River networks shape the Earth landscape transporting water and sediments from the uplands to the sea, and provide a number of invaluable ecosystem services [e.g.]1,2. For decades, the spatial organization of streams has stimulated scientific debate around observed morphological and ecological patterns in river basins. At fine scales, the location of the channel heads has been the focus of pioneering work3,4 that fuelled an array of methodologies for the analysis of Digital Terrain Maps; at larger spatial scales, theoretical investigations examined origins and implications of the branching shape of river networks and their fractal nature5,6,7,8,9,10. Recently, the temporal dimension of river networks has been recognized as a core issue not only over geological timescales typical of landscape evolution models, but also during individual years or seasons, within which river segments may temporarily cease to flow [e.g.]11,12,13. This empirical evidence has shown that the active portion of channel networks experiences a continuous sequence of expansion and contraction cycles driven by precipitation. Temporary streams, here defined as fluvial systems that periodically cease to flow, are observed in a wide range of climatic settings and represent an important fraction of global rivers11,14. The study of active stream dynamics is pivotal not only to characterize spatial patterns of hydrologic regimes but also to understand the influence of flow intermittency on e.g. ecological dispersion, in-stream processes, hyporheic exchange and nutrient spiraling15,16,17,18,19,20.

Growing empirical efforts in monitoring network dynamics have also provided enhanced insight into the underlying driving processes. In particular, recent work has suggested that the transitions between dry and wet channels are governed by the local imbalance between the capacity to transmit flow in the subsurface and the seepage flow delivered from upslope—usually conceived as proportional to the local contributing area12,21. As the local transmissivity and the contributing area may be durable features of a landscape, this conceptual scheme may also suggest the existence of a hierarchy in the activation of different branches of temporary streams as a function of the underlying catchment wetness. However, the activation order of different reaches of a dynamic stream network has never been quantitatively explored in the literature, and the potential implications for the dynamics of the active drainage density under diverse hydroclimatic conditions have not been disclosed. Furthermore, a comparative analysis of stream length variability across different climatic regimes is lacking.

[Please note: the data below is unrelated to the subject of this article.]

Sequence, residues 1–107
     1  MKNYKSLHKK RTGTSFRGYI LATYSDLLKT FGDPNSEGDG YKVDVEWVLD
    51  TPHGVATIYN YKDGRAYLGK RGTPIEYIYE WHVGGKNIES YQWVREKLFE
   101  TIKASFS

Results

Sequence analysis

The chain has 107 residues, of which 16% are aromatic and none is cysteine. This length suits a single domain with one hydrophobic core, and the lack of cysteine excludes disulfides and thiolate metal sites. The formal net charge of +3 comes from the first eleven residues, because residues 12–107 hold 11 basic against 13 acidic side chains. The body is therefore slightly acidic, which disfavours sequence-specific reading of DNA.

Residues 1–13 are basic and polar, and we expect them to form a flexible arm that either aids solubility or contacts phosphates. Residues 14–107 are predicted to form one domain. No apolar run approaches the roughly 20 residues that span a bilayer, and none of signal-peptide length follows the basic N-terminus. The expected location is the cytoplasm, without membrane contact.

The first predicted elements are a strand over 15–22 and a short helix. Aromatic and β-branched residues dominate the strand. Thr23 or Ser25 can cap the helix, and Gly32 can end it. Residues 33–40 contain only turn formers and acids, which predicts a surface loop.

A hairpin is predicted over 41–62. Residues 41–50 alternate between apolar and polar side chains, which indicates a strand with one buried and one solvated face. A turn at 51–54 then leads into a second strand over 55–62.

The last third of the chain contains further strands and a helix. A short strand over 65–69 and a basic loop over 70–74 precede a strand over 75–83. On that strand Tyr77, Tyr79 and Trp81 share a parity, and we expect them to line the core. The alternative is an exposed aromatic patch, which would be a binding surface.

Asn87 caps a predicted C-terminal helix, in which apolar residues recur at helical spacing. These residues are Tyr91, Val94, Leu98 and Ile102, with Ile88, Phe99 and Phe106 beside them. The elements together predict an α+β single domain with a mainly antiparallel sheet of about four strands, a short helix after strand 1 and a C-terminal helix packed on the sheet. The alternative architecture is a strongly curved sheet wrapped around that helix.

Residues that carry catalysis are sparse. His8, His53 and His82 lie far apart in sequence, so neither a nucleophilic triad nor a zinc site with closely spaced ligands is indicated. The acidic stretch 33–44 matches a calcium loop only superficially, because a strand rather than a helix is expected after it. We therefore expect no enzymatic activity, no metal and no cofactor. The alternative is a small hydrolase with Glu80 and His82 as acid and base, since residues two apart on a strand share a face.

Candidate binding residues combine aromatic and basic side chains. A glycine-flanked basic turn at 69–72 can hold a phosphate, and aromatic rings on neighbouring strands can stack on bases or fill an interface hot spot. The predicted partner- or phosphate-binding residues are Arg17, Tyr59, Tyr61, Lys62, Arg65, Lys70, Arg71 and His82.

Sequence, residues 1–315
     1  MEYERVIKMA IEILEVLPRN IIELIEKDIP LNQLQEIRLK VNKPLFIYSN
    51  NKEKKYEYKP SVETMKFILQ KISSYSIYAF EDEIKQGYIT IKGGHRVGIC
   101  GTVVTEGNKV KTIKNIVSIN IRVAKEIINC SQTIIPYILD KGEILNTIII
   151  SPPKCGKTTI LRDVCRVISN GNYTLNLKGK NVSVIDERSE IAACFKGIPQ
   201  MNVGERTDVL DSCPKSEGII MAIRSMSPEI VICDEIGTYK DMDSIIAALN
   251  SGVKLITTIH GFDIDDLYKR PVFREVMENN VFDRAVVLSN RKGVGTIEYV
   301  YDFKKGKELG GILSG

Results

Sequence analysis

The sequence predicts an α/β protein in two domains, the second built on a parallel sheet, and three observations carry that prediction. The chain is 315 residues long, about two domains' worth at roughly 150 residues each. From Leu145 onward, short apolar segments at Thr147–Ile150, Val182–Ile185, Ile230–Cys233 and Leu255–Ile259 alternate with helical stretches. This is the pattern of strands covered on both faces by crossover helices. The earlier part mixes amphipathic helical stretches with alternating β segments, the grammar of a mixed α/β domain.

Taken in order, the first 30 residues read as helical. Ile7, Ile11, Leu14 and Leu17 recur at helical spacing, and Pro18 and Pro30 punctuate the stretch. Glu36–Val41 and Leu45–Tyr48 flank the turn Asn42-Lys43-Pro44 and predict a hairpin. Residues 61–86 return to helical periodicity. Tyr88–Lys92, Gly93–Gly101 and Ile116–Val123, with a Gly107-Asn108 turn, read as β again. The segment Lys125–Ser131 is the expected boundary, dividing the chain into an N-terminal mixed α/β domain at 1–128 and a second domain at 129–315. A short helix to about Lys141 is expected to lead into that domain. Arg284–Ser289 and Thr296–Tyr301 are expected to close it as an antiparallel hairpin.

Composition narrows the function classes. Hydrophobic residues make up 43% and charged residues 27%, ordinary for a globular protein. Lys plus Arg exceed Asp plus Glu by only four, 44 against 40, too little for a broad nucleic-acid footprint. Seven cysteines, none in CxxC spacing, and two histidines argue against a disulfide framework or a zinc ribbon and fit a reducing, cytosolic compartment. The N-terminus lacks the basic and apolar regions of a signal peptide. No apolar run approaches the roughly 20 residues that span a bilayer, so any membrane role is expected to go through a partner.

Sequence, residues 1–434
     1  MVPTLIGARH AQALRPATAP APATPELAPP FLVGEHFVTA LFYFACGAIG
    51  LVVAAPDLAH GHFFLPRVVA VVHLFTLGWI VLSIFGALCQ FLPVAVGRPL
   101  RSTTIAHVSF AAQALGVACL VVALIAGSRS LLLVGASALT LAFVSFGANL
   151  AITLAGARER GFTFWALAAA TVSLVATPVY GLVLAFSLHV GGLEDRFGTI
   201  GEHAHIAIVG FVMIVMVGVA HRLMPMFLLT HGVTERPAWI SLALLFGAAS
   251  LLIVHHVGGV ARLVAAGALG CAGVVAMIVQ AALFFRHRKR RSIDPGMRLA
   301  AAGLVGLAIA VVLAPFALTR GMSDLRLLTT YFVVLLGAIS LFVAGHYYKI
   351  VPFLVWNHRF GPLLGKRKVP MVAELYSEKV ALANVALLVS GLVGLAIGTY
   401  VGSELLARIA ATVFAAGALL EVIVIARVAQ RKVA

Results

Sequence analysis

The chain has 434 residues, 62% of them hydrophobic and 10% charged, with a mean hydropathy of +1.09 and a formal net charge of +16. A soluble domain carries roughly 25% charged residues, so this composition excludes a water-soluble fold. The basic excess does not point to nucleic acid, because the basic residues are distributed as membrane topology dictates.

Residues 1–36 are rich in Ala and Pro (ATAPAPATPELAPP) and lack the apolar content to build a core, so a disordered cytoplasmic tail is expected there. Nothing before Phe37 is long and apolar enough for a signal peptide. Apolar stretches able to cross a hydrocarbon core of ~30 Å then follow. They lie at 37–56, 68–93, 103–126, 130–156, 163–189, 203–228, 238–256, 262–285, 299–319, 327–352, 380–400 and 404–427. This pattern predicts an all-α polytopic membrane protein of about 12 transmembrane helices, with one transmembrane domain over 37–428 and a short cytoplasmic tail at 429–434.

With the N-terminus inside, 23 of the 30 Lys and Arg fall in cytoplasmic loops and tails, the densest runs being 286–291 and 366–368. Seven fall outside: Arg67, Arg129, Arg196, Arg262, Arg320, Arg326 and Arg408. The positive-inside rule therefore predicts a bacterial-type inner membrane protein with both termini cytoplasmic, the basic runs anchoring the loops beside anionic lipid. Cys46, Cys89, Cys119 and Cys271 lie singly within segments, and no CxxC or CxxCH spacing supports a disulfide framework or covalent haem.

Here a combination of theoretical analysis and empirical observations is used to address the following questions:

  • Is there a mathematical relationship between the activation or deactivation order of different reaches of a dynamic network and the corresponding degree of flow persistency of those reaches? And what are the implications in terms of network spatial correlation and temporal changes of active length?

  • Can we identify constraints in the temporal variations of the active drainage density that incorporate the complex effect of climate?

Due to the unique contribution of temporary streams to biodiversity and nutrient cycling [e.g.]22,23, these issues are becoming urgent for identifying sustainable water management strategies and assessing the full ecological and biogeochemical function of drainage networks19,24,25,26.

The basic hypothesis of this work is that the local persistency of different river stretches of a stream network (i.e. the percentage of time during which water is flowing over different locations of a watercourse) defines their activation and deactivation order during individual storm events and across seasons. We also postulate that the mean persistency of the entire network represents the primary link between the temporal variability of active stream length and the underlying climatic drivers. While intuitive, these hypotheses have never been formally assessed in the existing literature and—most importantly—their implications in terms of active length dynamics have not been disclosed. Here, the proposed research hypotheses were tested analyzing seasonal (or annual) event-based dynamics of the active network in 19 European and North-American catchments (Fig. 1a), encompassing a broad range of climatic conditions, land-cover, drainage areas and geology.